BLM Updates Land Use Planning Handbook
Incorporates policy and guidance developed over past four years
Land use planning ‘by the book’ will be easier for Bureau
of Land Management planners now that four years of policy and guidance
memos have been consolidated into the agency’s revised Land Use
Planning Handbook. The revised Handbook reflects comments submitted during
two earlier reviews of draft documents over the last year from BLM employees;
state, local and federal agencies; and the general public.
The updated Handbook (1.7MB PDF) is available to the public today on
the BLM Web site.
The revised H-1601-1, Land Use Planning Handbook, reflects supplemental
planning guidance developed by the BLM over the past four years. The Handbook
was released in 2000 as part of the BLM’s effort to streamline planning
guidance. However, the document lacked necessary details on “how
to” prepare a land use plan amendment or revision.
Since the original Handbook was released, the Bureau has issued supplemental
planning guidance in the form of 22 formal Instruction Memorandums and
eight Information Bulletins. Some of these responded to deficiencies in
the Handbook and others addressed new policy issues that arose after it
was published. This recent guidance is incorporated into the Handbook,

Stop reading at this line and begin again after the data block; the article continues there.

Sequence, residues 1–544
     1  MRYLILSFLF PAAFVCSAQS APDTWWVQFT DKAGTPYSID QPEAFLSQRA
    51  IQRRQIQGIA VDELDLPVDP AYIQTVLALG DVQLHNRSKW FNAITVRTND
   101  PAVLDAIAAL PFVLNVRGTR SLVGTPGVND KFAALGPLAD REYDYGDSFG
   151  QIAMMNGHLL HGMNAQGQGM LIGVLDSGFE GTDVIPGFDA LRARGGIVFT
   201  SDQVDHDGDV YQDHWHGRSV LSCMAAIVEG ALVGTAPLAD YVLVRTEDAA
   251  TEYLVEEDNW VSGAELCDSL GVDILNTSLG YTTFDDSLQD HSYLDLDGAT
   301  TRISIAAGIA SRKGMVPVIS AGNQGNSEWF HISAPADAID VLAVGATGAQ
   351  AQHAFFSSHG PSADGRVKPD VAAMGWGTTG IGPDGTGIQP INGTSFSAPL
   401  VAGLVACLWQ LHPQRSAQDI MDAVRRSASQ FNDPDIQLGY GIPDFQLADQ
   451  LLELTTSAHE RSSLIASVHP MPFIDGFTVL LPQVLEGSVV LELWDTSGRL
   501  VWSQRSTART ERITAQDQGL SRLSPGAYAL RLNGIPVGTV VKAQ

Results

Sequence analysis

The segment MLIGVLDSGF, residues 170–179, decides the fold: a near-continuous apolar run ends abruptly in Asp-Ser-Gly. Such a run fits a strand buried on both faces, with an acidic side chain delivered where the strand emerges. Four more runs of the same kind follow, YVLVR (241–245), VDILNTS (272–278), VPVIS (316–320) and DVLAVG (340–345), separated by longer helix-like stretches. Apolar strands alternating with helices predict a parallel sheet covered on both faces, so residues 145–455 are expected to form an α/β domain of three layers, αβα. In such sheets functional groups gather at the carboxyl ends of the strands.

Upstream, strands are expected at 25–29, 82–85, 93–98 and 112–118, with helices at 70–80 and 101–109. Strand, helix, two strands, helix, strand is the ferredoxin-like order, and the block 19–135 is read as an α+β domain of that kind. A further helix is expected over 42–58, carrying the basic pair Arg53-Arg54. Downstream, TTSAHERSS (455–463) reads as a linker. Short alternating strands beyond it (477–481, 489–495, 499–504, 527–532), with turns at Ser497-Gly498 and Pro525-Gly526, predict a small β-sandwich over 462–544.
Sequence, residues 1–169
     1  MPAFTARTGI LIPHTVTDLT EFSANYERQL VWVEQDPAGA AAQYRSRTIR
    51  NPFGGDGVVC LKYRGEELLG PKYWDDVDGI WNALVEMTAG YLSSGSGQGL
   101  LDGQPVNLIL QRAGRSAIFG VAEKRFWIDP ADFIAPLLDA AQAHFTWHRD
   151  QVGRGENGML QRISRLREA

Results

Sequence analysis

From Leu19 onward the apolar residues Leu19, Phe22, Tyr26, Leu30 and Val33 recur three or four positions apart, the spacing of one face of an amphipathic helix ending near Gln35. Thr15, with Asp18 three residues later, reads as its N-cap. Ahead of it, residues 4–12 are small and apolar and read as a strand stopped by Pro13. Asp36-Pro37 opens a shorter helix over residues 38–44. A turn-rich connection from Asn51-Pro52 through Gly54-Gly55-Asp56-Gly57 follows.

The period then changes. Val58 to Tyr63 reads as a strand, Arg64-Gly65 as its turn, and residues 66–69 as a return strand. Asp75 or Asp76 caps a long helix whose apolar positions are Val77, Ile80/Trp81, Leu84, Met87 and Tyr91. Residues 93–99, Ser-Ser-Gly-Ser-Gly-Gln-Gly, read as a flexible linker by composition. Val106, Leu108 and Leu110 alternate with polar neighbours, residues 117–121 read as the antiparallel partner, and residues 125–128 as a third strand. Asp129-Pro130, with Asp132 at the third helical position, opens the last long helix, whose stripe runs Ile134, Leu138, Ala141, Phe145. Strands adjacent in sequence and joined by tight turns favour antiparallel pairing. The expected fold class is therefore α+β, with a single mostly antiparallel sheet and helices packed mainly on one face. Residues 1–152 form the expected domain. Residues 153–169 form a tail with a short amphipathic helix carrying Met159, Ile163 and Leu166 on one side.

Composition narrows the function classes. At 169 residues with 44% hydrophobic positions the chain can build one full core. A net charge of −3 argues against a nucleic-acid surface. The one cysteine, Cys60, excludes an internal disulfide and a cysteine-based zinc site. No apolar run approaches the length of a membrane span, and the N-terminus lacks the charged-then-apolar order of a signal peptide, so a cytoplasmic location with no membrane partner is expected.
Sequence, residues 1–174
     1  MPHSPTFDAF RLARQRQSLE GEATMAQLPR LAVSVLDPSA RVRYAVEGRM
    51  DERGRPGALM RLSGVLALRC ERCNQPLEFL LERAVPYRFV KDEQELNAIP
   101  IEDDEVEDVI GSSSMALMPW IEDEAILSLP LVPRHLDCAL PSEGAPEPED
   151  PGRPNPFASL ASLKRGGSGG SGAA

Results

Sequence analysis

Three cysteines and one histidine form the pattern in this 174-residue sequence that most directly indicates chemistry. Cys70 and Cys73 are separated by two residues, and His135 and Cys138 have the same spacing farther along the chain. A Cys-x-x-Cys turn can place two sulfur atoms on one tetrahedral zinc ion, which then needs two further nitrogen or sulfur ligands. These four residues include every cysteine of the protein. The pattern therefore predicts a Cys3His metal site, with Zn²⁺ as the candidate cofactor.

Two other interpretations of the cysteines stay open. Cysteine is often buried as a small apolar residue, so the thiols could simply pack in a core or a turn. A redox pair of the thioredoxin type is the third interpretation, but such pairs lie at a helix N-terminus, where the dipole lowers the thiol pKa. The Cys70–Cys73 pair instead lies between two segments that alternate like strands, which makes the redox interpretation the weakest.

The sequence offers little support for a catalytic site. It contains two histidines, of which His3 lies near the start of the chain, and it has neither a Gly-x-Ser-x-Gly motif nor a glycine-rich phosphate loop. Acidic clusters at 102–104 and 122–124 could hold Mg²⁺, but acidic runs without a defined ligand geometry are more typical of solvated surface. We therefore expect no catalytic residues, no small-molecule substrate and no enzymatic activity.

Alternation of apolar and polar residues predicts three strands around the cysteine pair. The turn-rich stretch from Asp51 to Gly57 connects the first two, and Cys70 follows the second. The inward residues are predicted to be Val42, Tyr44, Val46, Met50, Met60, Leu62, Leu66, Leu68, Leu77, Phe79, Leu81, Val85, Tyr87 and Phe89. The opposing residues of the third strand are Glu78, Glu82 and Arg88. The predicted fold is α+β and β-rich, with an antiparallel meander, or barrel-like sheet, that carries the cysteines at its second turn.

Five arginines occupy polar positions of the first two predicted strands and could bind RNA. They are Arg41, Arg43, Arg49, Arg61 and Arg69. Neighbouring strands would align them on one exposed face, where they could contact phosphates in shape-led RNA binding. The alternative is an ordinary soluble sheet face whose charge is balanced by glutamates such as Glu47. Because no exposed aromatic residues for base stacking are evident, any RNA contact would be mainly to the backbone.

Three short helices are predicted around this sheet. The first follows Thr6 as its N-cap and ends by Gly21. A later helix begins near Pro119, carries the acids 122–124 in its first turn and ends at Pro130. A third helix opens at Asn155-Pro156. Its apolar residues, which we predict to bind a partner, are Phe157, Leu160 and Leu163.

making it a one-stop source of guidance for land use planners.
The most significant changes in the handbook are in Chapters I through
V, covering the Introduction; Land Use Plan Decisions; Land Use Planning
Process and Products; Implementation; and Monitoring, Evaluation and Adaptive
BLM staff will find all planning guidance in one document as they complete
plans already in progress and initiate new plans. The Handbook also includes
“how to” instructions that will guide local interdisciplinary
planning teams through specific steps in the planning process.
For more information on the BLM Land Use Planning Handbook, contact Scott
Florence, Senior Planner, at 202-452-5151.
The BLM manages more land – 261 million surface acres – than
any other Federal agency. Most of this public land is located in 12 Western
States, including Alaska. The Bureau, with a budget of about $1.8 billion,
also administers 700 million acres of sub-surface mineral estate throughout
the nation. The BLM’s multiple-use mission is to sustain the health
and productivity of the public lands for the use and enjoyment of present
and future generations. The Bureau accomplishes this by managing such
activities as outdoor recreation, livestock grazing, mineral development,
and energy production, and by conserving natural, historical, and cultural
resources on the public lands.